We forget how pampered we are. I remember being amazed at how “fast” my very first 300baud modem (about 30 characters per second) was. I said excitedly to my girlfriend “Wow! It types text to the screen faster than I can!” Nowadays if we can’t download a half-million character ebook in a few seconds we get impatient. When I would load a few hundred byte program from cassette tape I would get up to go make myself a coffee (back in the days that I drank caffeine). Now it seems interminable if I can’t copy a 200 megabyte video in several seconds. I was copying some things to a flash drive for a friend and caught myself getting impatient. How quickly our goalposts shift. We live in an era of technological wizardry and we adapt so quickly we can no longer see it.

    Yes, things should be getting better instead of slipping backward with our laughable NBN, but we are still worlds away from where we were just bare decades ago. It helps our blood pressure and our general outlook to step outside our expectations and have a chuckle at ourselves.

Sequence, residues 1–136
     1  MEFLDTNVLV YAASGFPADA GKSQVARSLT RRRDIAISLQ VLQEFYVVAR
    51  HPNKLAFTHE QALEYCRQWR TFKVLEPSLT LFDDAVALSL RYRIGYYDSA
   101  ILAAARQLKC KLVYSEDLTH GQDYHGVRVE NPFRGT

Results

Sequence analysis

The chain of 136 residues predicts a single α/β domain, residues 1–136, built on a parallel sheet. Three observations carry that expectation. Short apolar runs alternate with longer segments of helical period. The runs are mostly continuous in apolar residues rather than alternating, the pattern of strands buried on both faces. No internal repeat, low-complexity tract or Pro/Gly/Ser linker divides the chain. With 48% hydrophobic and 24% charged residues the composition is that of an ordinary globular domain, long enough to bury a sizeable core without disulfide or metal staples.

There are developments under the radar which are changing things. People are pooling their access and cutting out the big telcos. Small government is playing a part here too, in a number of cases providing free internet to entire towns. In most of Australia’s most heavily populated areas there are now wireless clubs that have a decentralised network that avoids using the telcos completely. This is also starting to spring up in the bush with so-called “ad-hoc” networks joining people together (I want to set one up around here). Now with cheap terabyte drives, it is really easy to pool vast amounts of data in cooperatives, drastically cutting the need to access the internet. There are also moves to make “ad-hoc” networks of smart-phones where signals jump from phone to phone and avoid big telecommunications companies entirely.